Reviewed by Linda C. Brinson
LOST AND GONE FOREVER. By Alex Grecian. Read by John Curless. Books on Tape. 9 CDs; 10 ½ hours.
When reviewing the newest book in a series, I usually try to judge whether someone who hasn’t read all the earlier entries will understand and appreciate the new one. This time, I really did approach Lost and Gone Forever with very little background. I had read one of Alex Grecian’s Scotland Yard Murder Squad books, The Black Country, No. 2. But, unlike in the other books, Jack the Ripper does not figure prominently in that one.
I can report that while not having read the earlier books will put the reader/listener at something of a disadvantage, the disadvantage is not insurmountable. There was a moment while listening to Disc 1 that I almost gave up, both because I lacked a lot of the history and because the story begins in a way that is dark, even grim. But before I could hit the “eject” button, I was so engrossed in what was happening that I forgot I’d ever had such a notion.
My solution to the problem of not having read most of the previous four books in the Scotland Yard Murder Squad series is now simple: Having enjoyed No. 5, I hope to do the same with the earlier ones. Those who are already fans of the series won’t need to read reviews; they need only to know there’s a new book for their reading pleasure.
This is a historical book as well as a thriller, and Grecian does a superb job of drawing the reader into the world of Victorian England, particularly the darker side of that world. The murder squad, hampered by a shortage of resources and manpower, has been unable to stop the serial killer known as Jack. No matter what happens, Jack seems to reappear and resume his murderous ways. He’s a clever and crafty villain as well as a ruthless one.
As this book opens, Walter Day, one of the murder squad detectives, has been missing for a year. Some rumors have it that Jack the Ripper might be involved in Day’s disappearance, although no one has been able to determine the truth of the matter, or even why Jack might want Day. Day’s wife has been struggling to keep their family going.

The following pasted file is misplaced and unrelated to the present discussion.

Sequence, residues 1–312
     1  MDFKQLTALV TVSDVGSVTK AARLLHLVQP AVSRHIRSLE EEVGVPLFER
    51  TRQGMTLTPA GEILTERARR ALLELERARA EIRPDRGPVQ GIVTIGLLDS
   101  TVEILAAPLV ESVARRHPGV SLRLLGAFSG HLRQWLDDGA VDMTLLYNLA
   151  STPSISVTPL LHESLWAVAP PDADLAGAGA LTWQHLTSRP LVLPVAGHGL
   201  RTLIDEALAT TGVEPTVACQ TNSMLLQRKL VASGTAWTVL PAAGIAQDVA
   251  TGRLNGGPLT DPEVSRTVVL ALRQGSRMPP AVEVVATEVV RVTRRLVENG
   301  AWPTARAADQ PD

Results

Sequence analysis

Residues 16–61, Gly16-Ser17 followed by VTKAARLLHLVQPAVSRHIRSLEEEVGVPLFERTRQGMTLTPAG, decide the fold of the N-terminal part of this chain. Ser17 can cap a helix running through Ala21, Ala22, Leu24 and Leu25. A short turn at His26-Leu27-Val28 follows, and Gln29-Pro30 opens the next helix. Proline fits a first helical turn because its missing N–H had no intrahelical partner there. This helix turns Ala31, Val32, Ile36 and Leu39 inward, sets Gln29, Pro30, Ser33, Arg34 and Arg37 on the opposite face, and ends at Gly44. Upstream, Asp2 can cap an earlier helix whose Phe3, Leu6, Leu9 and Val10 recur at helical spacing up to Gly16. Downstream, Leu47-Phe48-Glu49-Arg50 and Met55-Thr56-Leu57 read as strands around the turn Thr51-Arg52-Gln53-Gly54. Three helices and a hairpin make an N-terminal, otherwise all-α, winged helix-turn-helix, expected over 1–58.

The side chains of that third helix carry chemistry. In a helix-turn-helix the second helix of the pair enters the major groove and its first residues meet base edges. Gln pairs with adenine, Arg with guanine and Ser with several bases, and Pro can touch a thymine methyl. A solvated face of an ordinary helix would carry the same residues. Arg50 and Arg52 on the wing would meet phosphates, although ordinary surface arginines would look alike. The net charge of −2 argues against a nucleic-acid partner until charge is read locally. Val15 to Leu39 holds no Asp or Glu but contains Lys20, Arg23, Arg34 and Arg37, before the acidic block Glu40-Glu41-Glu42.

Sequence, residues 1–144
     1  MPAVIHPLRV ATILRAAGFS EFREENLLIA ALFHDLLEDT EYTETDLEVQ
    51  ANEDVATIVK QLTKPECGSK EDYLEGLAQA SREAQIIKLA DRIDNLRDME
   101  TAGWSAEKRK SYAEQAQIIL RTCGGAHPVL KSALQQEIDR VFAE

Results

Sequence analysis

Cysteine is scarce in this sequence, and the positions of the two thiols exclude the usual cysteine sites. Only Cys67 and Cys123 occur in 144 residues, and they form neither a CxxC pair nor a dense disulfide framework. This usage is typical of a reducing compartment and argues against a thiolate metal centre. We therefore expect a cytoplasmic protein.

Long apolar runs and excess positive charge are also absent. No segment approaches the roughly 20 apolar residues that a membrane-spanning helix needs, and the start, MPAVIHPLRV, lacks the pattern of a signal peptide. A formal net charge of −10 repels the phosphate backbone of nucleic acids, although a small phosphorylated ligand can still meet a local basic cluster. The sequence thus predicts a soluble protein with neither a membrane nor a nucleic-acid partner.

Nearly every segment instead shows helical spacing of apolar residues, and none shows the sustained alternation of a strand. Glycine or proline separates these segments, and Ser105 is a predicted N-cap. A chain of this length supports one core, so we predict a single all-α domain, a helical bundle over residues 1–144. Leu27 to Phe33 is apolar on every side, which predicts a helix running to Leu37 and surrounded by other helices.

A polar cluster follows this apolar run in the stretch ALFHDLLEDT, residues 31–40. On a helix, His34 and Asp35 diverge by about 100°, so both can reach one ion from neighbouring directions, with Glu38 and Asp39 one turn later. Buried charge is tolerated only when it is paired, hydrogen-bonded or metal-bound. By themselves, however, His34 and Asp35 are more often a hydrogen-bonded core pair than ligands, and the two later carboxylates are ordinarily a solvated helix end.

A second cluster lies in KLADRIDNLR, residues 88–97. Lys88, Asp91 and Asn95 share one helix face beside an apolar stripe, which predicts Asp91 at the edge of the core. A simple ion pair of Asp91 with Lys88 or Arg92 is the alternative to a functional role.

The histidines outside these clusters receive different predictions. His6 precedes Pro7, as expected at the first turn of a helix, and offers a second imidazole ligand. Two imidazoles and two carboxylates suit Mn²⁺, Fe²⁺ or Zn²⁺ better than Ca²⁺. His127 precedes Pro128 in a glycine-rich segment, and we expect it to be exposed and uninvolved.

Nevil Hammersmith, Day’s friend and protégé, has lost his job with the squad because he is too headstrong. Hammersmith has set up a detective agency, but the only case he pursues is that of his missing mentor. He is determined to find Walter Day.
Then various people begin reporting that they have seen someone who greatly resembles Day in London. If Day has really returned, why doesn’t he get in touch with his wife, or Hammersmith or the Murder Squad? As viewpoints shift, we sometimes see matters through Day’s eyes, and as he gradually realizes what has happened and is happening, readers also gain more understanding.
Meanwhile, a husband-wife team of assassins for hire arrives in London with a mysterious mission. The more we learn about them, the more they seem as frightening as Jack himself. And there are the Karstphanomen, members of a secret society of prominent Londoners that operates outside normal legal channels.
Grecian does a fine job of depicting the gritty side of 1891 London. He also creates characters with considerable depth, women as well as men. Both those on the side of law and order and the villains in this book are all the more fascinating because of their complexities – and sometimes we wonder who falls into which category.
This is a literate, thought-provoking and sometimes hair-raising thriller. John Curless’ reading enhances the already dark atmosphere.